At 39, I lost my job, my income, my career prospects and my chance to publicly receive my long-awaited undergraduate degree. Still, I’m grateful for the things I have.

 

When I look back at this time of coronavirus and quarantine decades from now, I will surely remember it as one of significant loss. Many people lost many things, and I am just one of them. People lost their jobs, their businesses, and their savings. They lost their graduations, weddings, birthdays, vacations, gym memberships and the freedom to gather with friends and family. Most people lost their daily lifestyles – and some people lost their lives. The virus is something we don’t understand yet. The loss is something we all know well.       

Some 36 million people are unemployed in America. The unemployment rate of 14.7% is the highest it’s been since the Bureau of Labor Statistics started recording the data in 1948. Hundreds of thousands of families have been affected by the pandemic.  

I can only talk about what I’ve lost, though, because that is what I know. 

When things got crazy here in New Jersey – then a coronavirus epicenter — the first thing I lost was my job. I am one of roughly eight million restaurant workers out of work. I worked in the restaurant industry for nearly 20 years, as a waiter and a bartender. Honestly, I didn’t love it. But it always paid the bills, and I enjoyed the atmosphere. The nature of the restaurant industry made it one of the first to shut. It’s an ugly situation. 

Roughly 30,000 restaurants had closed their doors by spring 2020.  As restaurants re-open, they will have to adhere to strict social distancing measures that will inevitably affect the bottom line. I guess I got out of the business just in time. Cut my losses.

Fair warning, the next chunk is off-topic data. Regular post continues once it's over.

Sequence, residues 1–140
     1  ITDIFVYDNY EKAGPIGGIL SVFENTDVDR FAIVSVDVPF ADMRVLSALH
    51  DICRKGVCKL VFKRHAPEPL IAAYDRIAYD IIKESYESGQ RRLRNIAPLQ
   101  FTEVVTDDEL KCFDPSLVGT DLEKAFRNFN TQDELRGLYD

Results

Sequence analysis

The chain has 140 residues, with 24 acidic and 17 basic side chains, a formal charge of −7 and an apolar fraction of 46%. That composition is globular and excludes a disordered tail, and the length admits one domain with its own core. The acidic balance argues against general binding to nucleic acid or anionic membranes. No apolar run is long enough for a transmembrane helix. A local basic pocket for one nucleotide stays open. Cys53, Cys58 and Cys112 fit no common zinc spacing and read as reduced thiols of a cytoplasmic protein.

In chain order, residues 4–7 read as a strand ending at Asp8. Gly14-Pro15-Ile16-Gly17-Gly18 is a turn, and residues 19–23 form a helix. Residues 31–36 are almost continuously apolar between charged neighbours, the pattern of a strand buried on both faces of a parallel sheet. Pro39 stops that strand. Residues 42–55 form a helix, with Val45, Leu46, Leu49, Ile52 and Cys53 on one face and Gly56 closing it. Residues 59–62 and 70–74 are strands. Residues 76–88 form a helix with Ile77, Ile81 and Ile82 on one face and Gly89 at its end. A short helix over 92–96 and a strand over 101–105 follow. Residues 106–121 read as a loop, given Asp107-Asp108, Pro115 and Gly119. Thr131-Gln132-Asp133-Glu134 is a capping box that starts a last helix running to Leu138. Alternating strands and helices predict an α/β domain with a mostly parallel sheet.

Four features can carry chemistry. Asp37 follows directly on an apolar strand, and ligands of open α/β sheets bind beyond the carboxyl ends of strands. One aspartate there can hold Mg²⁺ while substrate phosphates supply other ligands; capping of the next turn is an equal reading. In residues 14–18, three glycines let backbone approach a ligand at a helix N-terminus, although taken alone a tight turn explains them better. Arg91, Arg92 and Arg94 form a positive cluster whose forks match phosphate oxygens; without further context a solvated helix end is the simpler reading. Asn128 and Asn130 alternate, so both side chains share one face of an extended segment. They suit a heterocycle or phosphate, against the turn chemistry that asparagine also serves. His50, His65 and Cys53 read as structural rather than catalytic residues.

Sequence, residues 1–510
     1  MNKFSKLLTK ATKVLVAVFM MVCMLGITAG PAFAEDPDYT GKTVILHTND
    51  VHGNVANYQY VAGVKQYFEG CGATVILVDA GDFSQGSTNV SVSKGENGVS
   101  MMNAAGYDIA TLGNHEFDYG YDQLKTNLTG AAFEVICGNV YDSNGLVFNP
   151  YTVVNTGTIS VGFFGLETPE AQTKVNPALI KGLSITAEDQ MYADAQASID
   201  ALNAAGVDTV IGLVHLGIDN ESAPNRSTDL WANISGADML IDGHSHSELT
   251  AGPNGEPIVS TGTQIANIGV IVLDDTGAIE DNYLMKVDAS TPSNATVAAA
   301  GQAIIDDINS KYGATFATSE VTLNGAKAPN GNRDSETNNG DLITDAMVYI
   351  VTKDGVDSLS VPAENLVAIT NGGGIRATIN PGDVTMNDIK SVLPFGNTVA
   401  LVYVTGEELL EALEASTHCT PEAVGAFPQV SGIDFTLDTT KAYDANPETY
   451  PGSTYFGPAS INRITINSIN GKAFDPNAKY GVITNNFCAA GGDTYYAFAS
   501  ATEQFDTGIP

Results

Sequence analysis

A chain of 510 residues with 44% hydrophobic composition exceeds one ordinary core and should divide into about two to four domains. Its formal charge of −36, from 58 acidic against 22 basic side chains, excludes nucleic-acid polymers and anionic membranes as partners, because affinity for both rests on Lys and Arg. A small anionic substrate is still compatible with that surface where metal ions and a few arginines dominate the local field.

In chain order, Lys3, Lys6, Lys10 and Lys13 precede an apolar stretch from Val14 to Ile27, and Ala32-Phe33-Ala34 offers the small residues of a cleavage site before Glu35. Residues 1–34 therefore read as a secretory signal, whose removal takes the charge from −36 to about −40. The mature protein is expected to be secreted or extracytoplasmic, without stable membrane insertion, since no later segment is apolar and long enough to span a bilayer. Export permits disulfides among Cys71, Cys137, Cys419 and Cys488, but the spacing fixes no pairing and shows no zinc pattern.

Next, I lost my income. As of this writing, I haven’t received any. I filed for unemployment right away, but the system is overwhelmed, and I have yet to receive any funds. This is stressful. I am 39 years old, and I have never been unemployed in my life.  

Then, I lost my Rutgers University graduation. I lost the honor of walking across that stage, along with 18,966 other 2020 graduates. I went back to school to finish my degree at 35, because it’s never too late. But it was disappointing to find out about the cancellation of all the in-person graduation ceremonies, especially after all of these years.  

The last and most painful thing I lost was sports, and my near-term prospects for jumping into a career in sports betting. For me, this was the crushing blow. I went back to school to get my journalism degree so I could pursue a career in the fast-growing sports betting media space. I am now a free agent, and hitting an incredibly tight job market, because there are no sports to watch, to cover, or to bet on. The NBA was the first league to cancel; after that, every other sport followed. That’s the right course. It’s an obvious health hazard to play sports, and safety should always come first.

Somehow, I’m still both optimistic and grateful. I am grateful for my family and friends, for the roof over my head, for the food on my table, for my dog Rita, and, most importantly, for my health. I’m thankful that, so far, I haven’t fallen ill. And I’m optimistic because I have company: though I now know a lot more about loss, it’s also a comfort to know that I’m not the only one losing.